Underarmour, 888.427.6687, www.underarmour.com

Browning, 800.333.3288, www.browning.com

Got Juice?Some clothing manufacturers make outerwear that heats electrically. Rocky Outdoor Gear, for example, offers Warmgear vests (shown below) and jackets that use C-cell batteries to warm polymer panels in the front and back up to about room temperature. An adapter sold with the garments allows you to plug them in to your truck's power outlets.

Rocky Outdoor Gear, 740.753.1951, www.rockyboots.com

Dry Your BootsAre you going to risk damaging those expensive boots by putting them by the fire to dry? There's no need: Here are two very different ways to dry your boots without cooking them.

Heat Your TruckSometimes it gets so dang cold that your truck's stock heater just isn't up to the task-if it's working at all. Here are a couple of options to bring more warmth to your world, one permanent, the other portable.

Mojave Heater Flex-a-lite fans help keep our rigs cool. Now the company is going the other way with its new Mojave heater. Measuring just 12 by 9 by 5 inches, the Mojave puts out a toe-toasting 12,000 Btus and moves 130 cfm of air. It taps into your truck's existing water source, and an optional plenum can be added for directional heating and defrosting.

Flex-a-lite, 800.851.1510, www.flex-a-lite.com

Coleman SurvivalCat This is more than just a heater: The SurvivalCat Emergency Preparedness Kit from Coleman combines an 800-Btu SurvivalCat catalytic heater with two emergency blankets and a box of waterproof matches, all in a compact carrying case. Coleman's propane-powered catalytic heaters work without a flame, and the SurvivalCat can raise the temperature of your truck cab by up to 20 degrees, says the company.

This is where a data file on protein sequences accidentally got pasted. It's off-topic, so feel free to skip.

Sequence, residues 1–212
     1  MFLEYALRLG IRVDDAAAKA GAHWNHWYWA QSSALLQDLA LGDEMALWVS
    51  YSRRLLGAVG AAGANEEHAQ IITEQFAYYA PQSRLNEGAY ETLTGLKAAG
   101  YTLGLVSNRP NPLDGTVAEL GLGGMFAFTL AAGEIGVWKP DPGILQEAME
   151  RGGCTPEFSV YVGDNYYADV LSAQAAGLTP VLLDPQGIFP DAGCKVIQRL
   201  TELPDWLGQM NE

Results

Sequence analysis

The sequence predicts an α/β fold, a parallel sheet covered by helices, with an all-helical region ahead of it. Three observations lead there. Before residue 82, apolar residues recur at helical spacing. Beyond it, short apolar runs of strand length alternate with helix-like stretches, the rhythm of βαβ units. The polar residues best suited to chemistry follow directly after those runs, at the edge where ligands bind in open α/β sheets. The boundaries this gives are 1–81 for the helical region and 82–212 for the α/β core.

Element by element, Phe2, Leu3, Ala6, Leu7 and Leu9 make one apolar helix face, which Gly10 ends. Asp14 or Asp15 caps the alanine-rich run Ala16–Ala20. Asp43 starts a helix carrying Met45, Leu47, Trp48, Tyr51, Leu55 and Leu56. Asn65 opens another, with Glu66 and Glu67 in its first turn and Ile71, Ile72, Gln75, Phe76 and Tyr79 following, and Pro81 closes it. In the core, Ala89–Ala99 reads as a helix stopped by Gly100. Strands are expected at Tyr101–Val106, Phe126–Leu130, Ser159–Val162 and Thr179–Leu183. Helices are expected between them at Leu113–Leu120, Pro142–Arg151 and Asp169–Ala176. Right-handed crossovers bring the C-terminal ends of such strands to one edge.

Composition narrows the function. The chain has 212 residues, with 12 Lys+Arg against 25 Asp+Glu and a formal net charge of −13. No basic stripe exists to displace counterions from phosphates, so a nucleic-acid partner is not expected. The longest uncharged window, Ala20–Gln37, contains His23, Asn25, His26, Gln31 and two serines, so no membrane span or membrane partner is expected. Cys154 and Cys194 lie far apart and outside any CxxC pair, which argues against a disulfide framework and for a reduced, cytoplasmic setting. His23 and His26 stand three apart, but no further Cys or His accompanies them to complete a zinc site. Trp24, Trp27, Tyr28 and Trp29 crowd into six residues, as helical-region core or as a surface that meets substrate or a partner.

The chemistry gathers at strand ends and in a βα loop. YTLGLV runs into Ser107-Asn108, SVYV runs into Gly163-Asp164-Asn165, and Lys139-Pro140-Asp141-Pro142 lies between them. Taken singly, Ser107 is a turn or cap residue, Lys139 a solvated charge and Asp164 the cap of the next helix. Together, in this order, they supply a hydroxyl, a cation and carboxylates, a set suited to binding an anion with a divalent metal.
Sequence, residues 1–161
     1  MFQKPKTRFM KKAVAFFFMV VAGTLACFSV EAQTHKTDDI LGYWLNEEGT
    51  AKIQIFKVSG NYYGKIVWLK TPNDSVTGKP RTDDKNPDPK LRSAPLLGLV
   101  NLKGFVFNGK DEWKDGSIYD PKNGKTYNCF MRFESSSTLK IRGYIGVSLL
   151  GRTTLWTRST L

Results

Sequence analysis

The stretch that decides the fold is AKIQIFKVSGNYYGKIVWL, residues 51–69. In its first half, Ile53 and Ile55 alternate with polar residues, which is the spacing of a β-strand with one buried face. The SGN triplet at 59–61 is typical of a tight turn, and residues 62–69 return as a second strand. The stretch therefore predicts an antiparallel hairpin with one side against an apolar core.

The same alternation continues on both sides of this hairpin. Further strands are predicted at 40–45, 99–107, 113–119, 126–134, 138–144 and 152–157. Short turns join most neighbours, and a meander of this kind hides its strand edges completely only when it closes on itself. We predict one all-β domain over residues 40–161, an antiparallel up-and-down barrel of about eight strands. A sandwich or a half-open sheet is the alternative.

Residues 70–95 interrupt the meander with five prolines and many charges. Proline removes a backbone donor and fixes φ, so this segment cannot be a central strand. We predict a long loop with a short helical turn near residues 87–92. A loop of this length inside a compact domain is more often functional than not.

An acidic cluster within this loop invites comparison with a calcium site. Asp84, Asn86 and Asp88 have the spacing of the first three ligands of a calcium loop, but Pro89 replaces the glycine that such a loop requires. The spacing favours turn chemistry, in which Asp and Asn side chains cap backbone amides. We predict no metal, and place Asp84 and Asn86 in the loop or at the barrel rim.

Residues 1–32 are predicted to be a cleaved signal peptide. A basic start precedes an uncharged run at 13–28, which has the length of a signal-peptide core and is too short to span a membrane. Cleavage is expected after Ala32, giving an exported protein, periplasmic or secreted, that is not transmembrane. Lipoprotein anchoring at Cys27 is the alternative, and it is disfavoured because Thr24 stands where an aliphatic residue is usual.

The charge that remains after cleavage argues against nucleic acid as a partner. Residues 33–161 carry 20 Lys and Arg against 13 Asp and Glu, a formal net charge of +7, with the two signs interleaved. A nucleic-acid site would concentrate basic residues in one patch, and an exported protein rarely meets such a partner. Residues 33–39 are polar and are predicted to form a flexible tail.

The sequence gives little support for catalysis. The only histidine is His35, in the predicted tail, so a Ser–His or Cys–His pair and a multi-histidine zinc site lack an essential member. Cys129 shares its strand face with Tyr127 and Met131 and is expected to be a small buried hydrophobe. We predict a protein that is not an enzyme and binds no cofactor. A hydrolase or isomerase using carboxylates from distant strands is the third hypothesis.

Coleman, 800.835.3278, www.coleman.com

21st Century Snow ChainsGoClaws from Flex-Trax are everything that old-school snow chains aren't. They're made from lightweight polyurethane, install in minutes (even if your vehicle is already stuck), won't clog, and can be used to free your rig from mud or sand in addition to snow. You can visit the company's Web site for a comprehensive, four-page explanation of how GoClaws work; you'll probably be more interested in the fact that Flex-Trax makes GoClaws for flotation tire sizes up to 37 inches.

Flex-Trax, 800.420.1062, www.flextrax.com

Weather Station In Your HandFast-moving winter weather fronts can turn your snow-berm-bashing trip into a real nightmare. Keep track of changing weather conditions with a Kestrel Pocket Weather Meter. The 2500 Series (shown) measures wind speed, temperature, wind chill, barometric pressure, and altitude. It also features a three-hour pressure trend indicator that helps you to anticipate changes in the weather. The Weather Meter is fully waterproof (it even floats!) so you can use it in any ambient condition, and the high-precision impeller can be replaced without tools should it become damaged. The 2500 is just one of many hand-held weather stations made by Kestrel.

Nielsen-Kellerman, 610.447.1555, www.nkhome.com